Temperament at 4 years: The contributions of handedness, gender and IQ
Hernandez, Mercedes Deyanira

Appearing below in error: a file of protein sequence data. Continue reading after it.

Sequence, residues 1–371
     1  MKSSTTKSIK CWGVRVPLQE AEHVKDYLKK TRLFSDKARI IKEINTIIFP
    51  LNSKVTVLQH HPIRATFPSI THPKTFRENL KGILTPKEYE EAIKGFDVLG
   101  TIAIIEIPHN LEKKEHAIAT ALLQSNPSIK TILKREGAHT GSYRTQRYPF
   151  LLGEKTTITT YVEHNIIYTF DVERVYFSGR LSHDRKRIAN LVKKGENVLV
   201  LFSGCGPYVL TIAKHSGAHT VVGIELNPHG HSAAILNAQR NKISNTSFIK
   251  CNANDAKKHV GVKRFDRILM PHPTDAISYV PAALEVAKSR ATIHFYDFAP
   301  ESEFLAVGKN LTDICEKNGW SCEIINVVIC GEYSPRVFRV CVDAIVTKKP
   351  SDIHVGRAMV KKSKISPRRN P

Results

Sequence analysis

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The relationship between cerebral lateralization and temperament, and the role of gender and cognition in this relationship were examined in 39 normal 4-year-old children. Cerebral lateralization was measured by combined indices of child, parental, and familial handedness (combined familial handedness). Temperament was measured by the mood and approach/withdrawal subscales of the Behavioral Style Questionnaire derived from Thomas and Chess at al (1963). WPPSI-R vocabulary and block design subtests. were used to generate a full scale IQ score. There were 20 boys and 19 girls. Lateralization alone, as measured by combined familial handedness was not associated with temperament. Combined familial handedness interacted with gender to predict temperament, and combined handedness interacted with IQ to predict temperament. However, gender and IQ themselves did not interact in the prediction of temperament from combined handedness. Thus, gender and IQ seem to exert separate influences in the relationship between handedness and temperament. Whereas both left-handedness and female gender are factors promoting greater symmetry, in these data, either one or the other of these factors was an advantage for mood, but the two together became a disadvantage. Cognition is a very influential factor for combined left-handedness, but not for right-handedness, in detecting the relationship between and temperament. High IQ with left-handedness is an advantage for both mood and approach. Laterality as measured by combined handedness tells us nothing about temperament until it is paired with other influences such as gender and IQ. Laterality thus, is a complex, flexible system, highly susceptible to other dimensions of brain organization. Although the variables of gender, IQ, and temperament have previously been examined in relation to cerebral latereralization in adults, to date this is the first study to examine the interaction of all these variables and to apply this model of hemispheric specialization to young children. In general, the findings suggest that children and adults are similar in the organization of cerebral lateralization.
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